Limitations of tracer oxygen uptake in the canine coronary circulation.
Theoretical models of oxygen transport in the myocardium have failed to account for low average tissue pO2 relative to to coronary sinus pO2, measured with pO2 electrodes and myoglobin saturation, and for hypoxic contractile failure at relatively high coronary sinus pO2 levels. These findings could be explained by either arteriovenous diffusional shunting or a limiting rate of transfer of oxygen from blood to tissue, or both. To gain new insights, we performed multiple indicator dilution tracer experiments across the coronary circulation in the dog, with 18O2 as the oxygen tracer and 51Cr-labeled red cells as the reference tracer for oxygen. 125I-Albumin and 22Na+ were included to provide the relative plasma flow rate. The tracer oxygen outflow curve consisted of a large early peak related to its reference red cell curve. No tracer emerged before the labeled red cells. The downslope, which contains the returning component of the tracer curve, decreased less steeply when oxygen consumption was reduced by propranolol. Fitting the tracer oxygen outflow curve with a distributed model including irreversible sequestration behind a resistance gave a transfer rate constant which was relatively small, and a relatively large rate constant for sequestration. Relative oxygen consumption (estimated from the arteriovenous difference) correlated closely with the rate constant for sequestration. Estimated average tissue oxygen concentrations were of the order of one-third blood concentration. Dimensional analysis indicates that the low transfer rate constant derives from hemoglobin-oxygen binding; this decreases fractional tracer oxygen transfer in proportion to the ratio of plasma:red cell oxygen pools.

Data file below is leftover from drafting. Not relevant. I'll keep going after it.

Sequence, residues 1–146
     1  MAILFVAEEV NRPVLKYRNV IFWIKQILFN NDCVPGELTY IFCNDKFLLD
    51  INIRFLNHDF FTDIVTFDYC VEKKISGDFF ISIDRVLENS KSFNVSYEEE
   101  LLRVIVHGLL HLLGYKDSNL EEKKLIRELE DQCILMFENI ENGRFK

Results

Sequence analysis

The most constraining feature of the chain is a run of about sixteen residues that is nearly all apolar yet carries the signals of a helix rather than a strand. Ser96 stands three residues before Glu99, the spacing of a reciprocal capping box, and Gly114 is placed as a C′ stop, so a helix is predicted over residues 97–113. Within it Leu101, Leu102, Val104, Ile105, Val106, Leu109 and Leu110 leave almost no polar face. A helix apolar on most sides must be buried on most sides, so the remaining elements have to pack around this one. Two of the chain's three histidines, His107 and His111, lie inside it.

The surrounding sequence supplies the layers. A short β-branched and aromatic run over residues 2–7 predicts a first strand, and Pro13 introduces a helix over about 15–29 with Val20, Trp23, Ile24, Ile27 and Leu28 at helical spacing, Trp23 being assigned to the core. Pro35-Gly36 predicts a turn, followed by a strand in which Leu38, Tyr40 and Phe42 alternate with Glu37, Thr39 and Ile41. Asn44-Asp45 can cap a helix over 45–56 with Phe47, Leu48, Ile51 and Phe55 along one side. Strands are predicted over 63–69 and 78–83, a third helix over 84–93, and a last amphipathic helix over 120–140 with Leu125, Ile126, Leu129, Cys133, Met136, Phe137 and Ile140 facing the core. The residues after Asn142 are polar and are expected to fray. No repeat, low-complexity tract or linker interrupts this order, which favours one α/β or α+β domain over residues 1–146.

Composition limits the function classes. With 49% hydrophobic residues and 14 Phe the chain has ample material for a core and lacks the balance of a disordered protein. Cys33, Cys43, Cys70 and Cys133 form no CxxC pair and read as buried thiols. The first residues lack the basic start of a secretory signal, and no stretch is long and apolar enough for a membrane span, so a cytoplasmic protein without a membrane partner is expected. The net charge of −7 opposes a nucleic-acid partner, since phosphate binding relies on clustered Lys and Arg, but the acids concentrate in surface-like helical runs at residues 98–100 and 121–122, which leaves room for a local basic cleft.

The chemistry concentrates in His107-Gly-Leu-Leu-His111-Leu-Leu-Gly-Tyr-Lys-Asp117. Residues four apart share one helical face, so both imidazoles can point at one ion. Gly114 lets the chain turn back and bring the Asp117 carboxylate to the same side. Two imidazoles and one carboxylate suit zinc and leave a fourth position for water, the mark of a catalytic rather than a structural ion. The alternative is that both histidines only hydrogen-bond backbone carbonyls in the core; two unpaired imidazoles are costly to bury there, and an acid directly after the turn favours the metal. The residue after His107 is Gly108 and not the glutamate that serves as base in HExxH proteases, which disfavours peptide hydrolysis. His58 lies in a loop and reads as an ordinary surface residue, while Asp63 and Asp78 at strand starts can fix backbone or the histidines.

- Copyright © 1985 by American Heart Association